Another organisation which has the mandate to protect the rights of consumers is the Consumer Protection Council (CPC). The CPC is an agency of the Government under the supervision of the Federal Ministry of Trade and Investment. It commenced operations in Nigeria in 1999. The CPC is presently the most powerful consumer redress and monitoring agency in Nigeria. However, this is due to change if the Federal Competition and Consumer Protection Bill is enacted. The Bill will establish 2 important bodies: the Federal Competition and Consumer Protection Commission (FCCPC) and the Competition and Consumer Protection Tribunal (CCPT).

The FCCPC will ostensibly replace the current CPC but will be given wider investigative and enforcement powers. The CCPT will act as a quasi-judicial body to which appeals from the decisions of the FCCPC and decisions of any sector specific regulatory authority in a regulated industry in respect of consumer protection matters, will lie.

Another key provision in this proposed legislation is that it stipulates a very steep penalty for instances where there has been a contravention of any consumer rights. It stipulates a fine of not less than N100m or 10% of the turnover of the business in the preceding business year in the case of a company, and potential liability of the Directors on conviction to a term not exceeding 5 years or payment of fine not exceeding N10m.

This Bill was passed by the House of Representatives in March 2017, and is currently before the Senate. We will continue monitoring the progress of this legislation at the Senate and will update this document when necessary.

This report was written by our Partner – Babatunde Ibidapo-Obe and he can be contacted on or +234 706 957 0096 for any questions, feedback, or consultation concerning how to ensure your business is ready to meet these changes.

Checklist for Registering a Limited Liability Company in Nigeria

1. Proposed Name of the Company

In deciding the company name, there are certain key things you need to consider. Firstly, the name must not be the same or closely resemble a name already in use by another business. Also, the name must not be one of those which are contained on the restricted list. These include names that contain the words “Chamber of Commerce”, “Federal”, “National”, “Regional”, “State”, “Government”, “Municipal” or “Chartered”, “Co‐operative” or the words “Building Society”; or “Group” or “Holding”.

The law provides that the Corporate Affairs Commission (CAC) must not register names that in its opinion are capable of misleading as to the nature or extent of its activities or is undesirable, offensive or otherwise contrary to public policy; or in the opinion of the Commission would violate any existing trademark or business name registered in Nigeria unless the consent of the owner of the trademark or business name has been obtained.

2. Shareholders

The law states that every private company must have at least 2 shareholders/members and not more than 50 shareholders/members. There is no requirement on how much each person’s stake in the company should be, so one member can own 99% of the company, and the other member will own 1%. Or they could own it evenly: 50%/50%. The law is not interested in the ownership structure.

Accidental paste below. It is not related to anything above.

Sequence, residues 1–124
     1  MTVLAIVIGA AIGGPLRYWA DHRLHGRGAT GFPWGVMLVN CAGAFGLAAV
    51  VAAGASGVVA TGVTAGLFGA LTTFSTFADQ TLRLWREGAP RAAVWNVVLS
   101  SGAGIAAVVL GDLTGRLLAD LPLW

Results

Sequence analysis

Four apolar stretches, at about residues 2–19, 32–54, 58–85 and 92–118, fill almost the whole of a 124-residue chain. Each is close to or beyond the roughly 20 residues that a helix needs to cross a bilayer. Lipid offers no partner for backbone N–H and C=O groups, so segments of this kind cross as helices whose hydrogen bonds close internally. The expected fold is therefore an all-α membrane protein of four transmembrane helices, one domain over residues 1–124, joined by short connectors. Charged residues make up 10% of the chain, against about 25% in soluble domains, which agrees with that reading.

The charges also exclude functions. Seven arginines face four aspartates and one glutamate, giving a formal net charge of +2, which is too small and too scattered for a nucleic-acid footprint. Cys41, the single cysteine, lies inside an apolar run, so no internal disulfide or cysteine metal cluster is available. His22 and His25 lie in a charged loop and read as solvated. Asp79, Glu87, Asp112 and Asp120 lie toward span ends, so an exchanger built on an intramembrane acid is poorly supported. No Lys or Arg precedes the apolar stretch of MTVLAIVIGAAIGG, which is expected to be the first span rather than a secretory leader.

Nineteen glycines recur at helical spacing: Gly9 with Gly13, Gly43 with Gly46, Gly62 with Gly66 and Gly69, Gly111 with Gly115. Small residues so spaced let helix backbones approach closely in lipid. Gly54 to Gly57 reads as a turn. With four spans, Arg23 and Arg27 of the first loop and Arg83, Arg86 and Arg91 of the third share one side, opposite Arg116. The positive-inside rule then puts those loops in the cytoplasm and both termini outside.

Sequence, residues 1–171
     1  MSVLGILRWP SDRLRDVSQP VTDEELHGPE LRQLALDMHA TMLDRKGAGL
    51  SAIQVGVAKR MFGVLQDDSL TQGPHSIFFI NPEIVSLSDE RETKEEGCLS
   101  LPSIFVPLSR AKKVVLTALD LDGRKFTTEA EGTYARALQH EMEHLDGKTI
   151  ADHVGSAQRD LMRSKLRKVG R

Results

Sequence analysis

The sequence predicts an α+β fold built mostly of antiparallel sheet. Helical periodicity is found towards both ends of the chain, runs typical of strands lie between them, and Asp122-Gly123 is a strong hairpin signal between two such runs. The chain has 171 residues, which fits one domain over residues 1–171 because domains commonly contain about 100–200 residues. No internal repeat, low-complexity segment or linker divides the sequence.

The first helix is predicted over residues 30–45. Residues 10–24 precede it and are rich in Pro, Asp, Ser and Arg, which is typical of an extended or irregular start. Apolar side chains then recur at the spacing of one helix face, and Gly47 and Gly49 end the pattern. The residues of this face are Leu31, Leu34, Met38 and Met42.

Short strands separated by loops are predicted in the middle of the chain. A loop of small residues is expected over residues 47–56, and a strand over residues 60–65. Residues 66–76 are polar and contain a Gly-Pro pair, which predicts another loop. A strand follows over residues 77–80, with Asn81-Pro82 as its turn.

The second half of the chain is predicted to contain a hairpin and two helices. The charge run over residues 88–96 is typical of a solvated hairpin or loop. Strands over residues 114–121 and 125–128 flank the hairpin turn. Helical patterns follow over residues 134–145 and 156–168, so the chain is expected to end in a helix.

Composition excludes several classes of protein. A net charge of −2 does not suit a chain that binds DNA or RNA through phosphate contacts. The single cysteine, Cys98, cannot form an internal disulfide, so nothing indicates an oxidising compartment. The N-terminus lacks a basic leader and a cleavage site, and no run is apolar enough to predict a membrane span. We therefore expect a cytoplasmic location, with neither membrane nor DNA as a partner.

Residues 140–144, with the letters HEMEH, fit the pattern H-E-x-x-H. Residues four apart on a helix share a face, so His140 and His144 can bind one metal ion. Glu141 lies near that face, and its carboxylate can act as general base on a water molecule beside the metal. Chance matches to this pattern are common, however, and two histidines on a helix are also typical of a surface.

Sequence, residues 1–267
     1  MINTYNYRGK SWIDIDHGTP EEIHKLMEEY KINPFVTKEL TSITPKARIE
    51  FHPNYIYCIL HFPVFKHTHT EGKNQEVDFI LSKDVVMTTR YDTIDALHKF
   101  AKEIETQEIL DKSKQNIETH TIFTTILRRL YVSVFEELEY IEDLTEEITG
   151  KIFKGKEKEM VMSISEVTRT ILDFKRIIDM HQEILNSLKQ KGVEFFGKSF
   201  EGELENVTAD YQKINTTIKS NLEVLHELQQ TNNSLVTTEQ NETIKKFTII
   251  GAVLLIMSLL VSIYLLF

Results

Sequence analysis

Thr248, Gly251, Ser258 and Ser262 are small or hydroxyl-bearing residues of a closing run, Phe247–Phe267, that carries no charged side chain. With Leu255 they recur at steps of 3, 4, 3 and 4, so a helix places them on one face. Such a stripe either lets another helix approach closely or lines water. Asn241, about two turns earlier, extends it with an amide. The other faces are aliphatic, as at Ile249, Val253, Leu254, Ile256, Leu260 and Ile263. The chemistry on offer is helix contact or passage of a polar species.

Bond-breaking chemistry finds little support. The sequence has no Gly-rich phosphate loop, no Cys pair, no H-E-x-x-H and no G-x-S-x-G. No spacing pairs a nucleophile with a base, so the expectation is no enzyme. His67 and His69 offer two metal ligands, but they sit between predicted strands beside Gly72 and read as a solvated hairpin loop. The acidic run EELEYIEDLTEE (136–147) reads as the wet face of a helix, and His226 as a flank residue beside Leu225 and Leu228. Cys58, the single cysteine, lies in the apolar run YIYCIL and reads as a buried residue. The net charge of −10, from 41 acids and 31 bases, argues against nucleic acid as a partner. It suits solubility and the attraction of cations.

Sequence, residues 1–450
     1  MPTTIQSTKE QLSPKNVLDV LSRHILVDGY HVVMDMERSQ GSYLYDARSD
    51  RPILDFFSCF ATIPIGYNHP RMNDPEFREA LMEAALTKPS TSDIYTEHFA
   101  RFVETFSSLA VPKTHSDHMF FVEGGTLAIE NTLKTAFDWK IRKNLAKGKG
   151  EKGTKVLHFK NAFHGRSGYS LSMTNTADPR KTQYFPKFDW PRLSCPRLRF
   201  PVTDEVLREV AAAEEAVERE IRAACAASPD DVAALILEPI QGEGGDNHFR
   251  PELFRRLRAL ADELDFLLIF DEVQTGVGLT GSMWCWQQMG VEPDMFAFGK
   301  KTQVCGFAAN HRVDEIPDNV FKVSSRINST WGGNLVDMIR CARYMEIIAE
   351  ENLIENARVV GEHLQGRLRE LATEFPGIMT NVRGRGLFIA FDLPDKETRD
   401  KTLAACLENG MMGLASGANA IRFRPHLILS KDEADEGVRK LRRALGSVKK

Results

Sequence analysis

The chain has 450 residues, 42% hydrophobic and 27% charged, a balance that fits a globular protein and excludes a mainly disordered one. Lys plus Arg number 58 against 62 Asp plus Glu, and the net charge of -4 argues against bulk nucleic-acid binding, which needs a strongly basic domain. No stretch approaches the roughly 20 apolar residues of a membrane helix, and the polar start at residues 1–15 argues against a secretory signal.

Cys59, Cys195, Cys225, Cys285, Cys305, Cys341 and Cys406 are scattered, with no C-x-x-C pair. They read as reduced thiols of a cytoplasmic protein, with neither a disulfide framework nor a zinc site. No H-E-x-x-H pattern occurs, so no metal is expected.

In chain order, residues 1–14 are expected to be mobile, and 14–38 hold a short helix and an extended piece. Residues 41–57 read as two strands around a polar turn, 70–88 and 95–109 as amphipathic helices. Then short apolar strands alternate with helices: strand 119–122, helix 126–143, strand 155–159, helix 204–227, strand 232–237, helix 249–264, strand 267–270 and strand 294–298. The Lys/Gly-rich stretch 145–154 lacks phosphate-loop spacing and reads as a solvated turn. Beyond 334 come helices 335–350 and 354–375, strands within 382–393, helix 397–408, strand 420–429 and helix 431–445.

The other thing to be aware of here is that the founding members must not be – under the age of 18 years old (unless at least 2 other members are over the age of 18), and must not be of unsound mind, an undischarged bankrupt, or disqualified by the Companies and Allied Matters Act from being a Director.

3. Nature of Business

Generally, there is no restriction on what type of business you can go into. There is the obvious restriction that you can’t set up a company that deals in criminal acts, for instance selling illegal drugs or engaging in prostitution or smuggling. However, there is the additional requirement that you are unable to engage in any of the business contained in the negative list. The negative list is contained in the Nigeria Investment Promotion Act, and it precludes people from engaging in these businesses – production of arms and ammunition, production of and dealing in narcotic drugs and psychotropic substances, production of military and para-military wears.

4. Required Information

• Proposed Name of the Company (at least 2 options)
• Details of shareholders (at least 2 shareholders):
i. Name
ii. Residential Address
iii. Occupation
iv. Percentage ownership
v. Scan of Identification document (preferably International Passport data page)
vi. If shareholders are companies – business address and certificate of registration
• Official positions:
i. Names of Directors (all shareholders can be Directors)
ii. Name of Company Secretary (any shareholder can be Company Secretary or you may appoint a law firm/lawyer as Secretary)

The estimated timeline for the completion of the registration of a limited liability company in Nigeria is 3-4 weeks.

Interested in registering a limited liability company in Nigeria? Send us an email at and we would be glad to assist you.


Address: 140 Borno Way, EbuteMetta, Yaba, Lagos | Phone: +234 706 957 0096, +234 803 394 3596 | Email: